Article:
Sustainable Packaging        

Sustainable Packaging & Product Development

December 20, 2016


By: Philip Patke, Mechanical Engineer, Beyond Design, Inc.

There is a growing demographic of consumers that are becoming increasingly more aware of the environmental and humanitarian impact of the products they purchase. In the world of product development, packaging is often an area of procrastination, or a secondary consideration to be dealt with in an expiated manner with little attention outside of the graphic design. The manner and materials used to store and display a product have been a real struggle in efforts to promote a more sustainable product.

Traditionally, design packaging is meant to be thrown away, which makes it inherently wasteful. This is an issue that been getting more attention from the design community as a value-added proposition to the consumer and the client. Package design is an art form all to itself – starting with the source of the raw materials to the end of its life. Focusing on eight characteristics, the definition of sustainable packaging is as follows…

• Beneficial, safe & healthy for all individuals & communities throughout its life cycle.
• Meets market criteria for both performance and cost.
• Sourced, manufactured, transported and recycled using renewable energy.
• Effectively recovered and utilized in biological and/or industrial closed loop cycles.
• Physically designed to optimized materials and energy.
• Manufactured using clean production technologies and best practices.
• Made from materials that are healthy in all probable end of life scenarios.

However, from the beginning to the end, packaging has presented itself to be a complex issue. Over the years, as an engineer, I have learned there is no such thing as a complete sustainable package – but that sustainability is a journey that we have to endure. The ultimate goal is to make a number of changes and improvements over a certain period of time to provide a positive and effective environmental impact in our society.

The basis for sustainable packaging started in the 1970’s during the environmental movement – which allowed some to become aware of the ecological problems in our society. With the first Earth Day celebrated during that year and carried on to our current year, brand owners and packaging developers are continuing to search for more sustainable packaging materials to better support and for users to live in a more eco-friendly world.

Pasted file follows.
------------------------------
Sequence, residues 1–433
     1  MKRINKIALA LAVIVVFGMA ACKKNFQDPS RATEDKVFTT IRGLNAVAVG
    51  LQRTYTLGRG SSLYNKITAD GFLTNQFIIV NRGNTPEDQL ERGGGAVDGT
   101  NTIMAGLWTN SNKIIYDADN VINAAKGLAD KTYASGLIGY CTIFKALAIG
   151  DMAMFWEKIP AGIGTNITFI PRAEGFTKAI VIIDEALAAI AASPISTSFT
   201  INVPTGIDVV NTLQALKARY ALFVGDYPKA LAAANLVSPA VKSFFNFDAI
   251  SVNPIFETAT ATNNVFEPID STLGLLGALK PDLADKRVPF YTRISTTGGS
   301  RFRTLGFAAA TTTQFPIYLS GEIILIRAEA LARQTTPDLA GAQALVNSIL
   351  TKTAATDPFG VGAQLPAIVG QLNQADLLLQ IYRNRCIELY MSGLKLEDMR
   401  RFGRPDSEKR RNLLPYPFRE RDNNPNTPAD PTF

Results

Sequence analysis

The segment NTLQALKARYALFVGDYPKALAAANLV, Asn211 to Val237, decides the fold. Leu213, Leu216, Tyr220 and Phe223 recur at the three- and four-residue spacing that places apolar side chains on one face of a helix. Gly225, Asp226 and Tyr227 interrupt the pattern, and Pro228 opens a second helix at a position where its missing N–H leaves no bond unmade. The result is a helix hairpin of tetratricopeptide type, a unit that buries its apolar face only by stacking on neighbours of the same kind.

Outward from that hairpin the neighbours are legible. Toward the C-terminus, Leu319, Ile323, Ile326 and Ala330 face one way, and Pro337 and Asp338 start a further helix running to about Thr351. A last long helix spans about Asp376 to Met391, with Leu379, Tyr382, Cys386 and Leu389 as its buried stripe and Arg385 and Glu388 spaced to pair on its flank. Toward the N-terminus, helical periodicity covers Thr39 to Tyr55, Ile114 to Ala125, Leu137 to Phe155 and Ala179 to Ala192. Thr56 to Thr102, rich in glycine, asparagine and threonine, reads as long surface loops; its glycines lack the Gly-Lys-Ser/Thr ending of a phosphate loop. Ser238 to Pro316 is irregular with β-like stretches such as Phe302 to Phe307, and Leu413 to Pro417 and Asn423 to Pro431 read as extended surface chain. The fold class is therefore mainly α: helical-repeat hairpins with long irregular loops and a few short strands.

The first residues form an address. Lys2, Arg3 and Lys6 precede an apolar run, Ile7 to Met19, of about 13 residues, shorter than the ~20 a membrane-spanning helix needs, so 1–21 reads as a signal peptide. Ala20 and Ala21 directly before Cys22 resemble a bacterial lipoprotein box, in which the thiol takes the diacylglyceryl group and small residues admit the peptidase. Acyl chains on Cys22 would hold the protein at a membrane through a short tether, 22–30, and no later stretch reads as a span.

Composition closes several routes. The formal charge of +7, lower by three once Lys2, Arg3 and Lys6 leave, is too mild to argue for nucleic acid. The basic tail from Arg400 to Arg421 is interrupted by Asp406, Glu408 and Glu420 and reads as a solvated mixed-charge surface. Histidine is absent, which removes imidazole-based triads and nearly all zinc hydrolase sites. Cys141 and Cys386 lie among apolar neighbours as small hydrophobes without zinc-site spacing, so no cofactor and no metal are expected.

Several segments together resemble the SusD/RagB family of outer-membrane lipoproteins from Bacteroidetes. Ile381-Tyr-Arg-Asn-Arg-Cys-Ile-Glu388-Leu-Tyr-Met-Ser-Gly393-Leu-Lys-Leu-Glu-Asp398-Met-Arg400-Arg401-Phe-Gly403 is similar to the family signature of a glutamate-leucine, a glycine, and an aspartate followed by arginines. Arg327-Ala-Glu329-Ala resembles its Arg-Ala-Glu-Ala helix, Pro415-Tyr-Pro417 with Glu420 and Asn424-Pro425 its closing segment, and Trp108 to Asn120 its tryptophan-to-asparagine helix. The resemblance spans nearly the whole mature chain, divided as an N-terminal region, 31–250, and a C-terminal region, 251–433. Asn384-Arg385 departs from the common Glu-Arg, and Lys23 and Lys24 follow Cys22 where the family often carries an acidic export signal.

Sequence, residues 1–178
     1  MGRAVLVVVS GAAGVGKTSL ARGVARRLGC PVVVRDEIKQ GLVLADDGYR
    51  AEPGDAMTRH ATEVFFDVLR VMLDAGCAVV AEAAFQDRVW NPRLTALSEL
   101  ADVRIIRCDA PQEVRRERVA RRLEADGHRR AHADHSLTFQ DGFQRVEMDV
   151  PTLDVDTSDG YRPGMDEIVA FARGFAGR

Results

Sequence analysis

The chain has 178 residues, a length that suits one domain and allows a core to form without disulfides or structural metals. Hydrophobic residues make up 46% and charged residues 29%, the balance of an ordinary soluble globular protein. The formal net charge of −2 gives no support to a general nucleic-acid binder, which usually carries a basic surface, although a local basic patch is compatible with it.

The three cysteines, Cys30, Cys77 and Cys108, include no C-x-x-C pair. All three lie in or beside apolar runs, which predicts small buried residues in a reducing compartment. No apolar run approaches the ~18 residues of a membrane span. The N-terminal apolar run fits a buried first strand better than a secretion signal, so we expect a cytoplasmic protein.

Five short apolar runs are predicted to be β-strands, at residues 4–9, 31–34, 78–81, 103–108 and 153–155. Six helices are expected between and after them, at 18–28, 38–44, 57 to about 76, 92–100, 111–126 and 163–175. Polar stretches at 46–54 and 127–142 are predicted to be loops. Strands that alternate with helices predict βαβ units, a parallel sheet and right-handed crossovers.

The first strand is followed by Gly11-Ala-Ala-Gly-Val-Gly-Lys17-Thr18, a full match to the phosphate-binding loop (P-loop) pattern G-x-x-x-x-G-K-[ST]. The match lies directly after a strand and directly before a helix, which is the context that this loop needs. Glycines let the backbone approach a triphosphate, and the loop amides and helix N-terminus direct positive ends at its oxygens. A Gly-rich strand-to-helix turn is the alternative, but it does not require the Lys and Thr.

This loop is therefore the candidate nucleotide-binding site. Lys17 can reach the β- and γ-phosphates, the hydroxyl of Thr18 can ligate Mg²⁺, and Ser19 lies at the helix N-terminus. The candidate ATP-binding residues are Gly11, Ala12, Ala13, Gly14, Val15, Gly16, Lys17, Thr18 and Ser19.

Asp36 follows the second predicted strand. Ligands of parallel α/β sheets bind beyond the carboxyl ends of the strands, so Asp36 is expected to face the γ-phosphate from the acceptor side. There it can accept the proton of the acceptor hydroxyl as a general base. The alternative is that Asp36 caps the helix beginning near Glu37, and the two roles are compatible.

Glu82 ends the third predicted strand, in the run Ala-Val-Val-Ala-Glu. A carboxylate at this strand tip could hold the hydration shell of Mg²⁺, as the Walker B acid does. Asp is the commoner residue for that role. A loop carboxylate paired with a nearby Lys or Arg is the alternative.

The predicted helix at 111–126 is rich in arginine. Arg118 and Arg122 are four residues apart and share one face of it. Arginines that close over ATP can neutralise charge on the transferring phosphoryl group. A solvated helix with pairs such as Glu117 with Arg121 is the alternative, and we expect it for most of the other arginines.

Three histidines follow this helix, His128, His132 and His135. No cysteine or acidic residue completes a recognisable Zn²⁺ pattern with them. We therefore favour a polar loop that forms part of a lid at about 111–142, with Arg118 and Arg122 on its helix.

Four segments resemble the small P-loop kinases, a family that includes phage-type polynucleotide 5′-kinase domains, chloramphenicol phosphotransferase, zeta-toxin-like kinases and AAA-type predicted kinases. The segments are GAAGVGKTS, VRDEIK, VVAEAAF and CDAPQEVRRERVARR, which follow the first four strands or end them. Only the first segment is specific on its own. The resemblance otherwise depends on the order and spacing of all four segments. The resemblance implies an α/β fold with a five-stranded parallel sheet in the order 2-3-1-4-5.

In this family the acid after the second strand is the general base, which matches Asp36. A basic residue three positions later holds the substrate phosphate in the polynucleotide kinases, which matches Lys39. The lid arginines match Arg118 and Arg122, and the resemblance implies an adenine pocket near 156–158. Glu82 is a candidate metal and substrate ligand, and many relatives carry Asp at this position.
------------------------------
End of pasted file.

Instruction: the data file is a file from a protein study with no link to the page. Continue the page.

The universal recycle logo was first introduced in 1969 and has become well recognized to communicate the desired method of disposal. The industry has not yet agreed upon a universal logo for a product being biodegradable. In sustainability terms, packaging materials – such as glass, plastic, paper, and aluminum shouldn’t be classified as either ‘good or bad’. All materials have their advantages and disadvantages – depending on how the product application is used and the goals of the packager. Especially in packaging, trade-offs are a natural part of the process. Moreover, an instrumental part of the journey is to have a full understanding of the full product supply chain. By putting things into perspective, all functions can properly go through the process from start to finish, facilitating all needs.


When deciding on what sustainable materials to use for packaging, it is important to think about the impact it will have, the message it sends and whether or not it is the most eco-friendly and cost-effective way to house a product. Having been a mechanical engineer for the past 9 I have seen the good, the bad, and the ugly. Here are my five (5) efforts to simplify the step a designer should consider to optimize a sustainable packaging design.

1. Take a Life Cycle Approach: Sustainable packaging is much more than just a single strategy. It’s a life cycle approach that focuses on consumption and emission factors that start with a single design and continues through the end of life. If packaging is trash and trash is the enemy, the most direct way to reduce the amount of trash is to reduce the size and amount of packaging. Leaving your product partially exposed is a great way to reduce the amount of material used to capture the merchandise.

Exposing handles, other touch points and/or product features can be an effective way to encourage a potential customer to interact with your product before purchasing. That interaction is the spark that builds the relationship of a specific product to the consumer. Using less is not just limited to the material used to make up the enclosure. Using less ink and color dye is another opportunity to reduce your rate of consumption.


Using the natural finish of a particular material with a minimal number of graphics can have a significant impact on not just the amount of virgin resources used but can result in lower cost and make the material more compliant to second life processes. By focusing on these assessments, engineers and designers can identify dilemmas for improvement in a package and prevent any further issues of the packaging’s other components.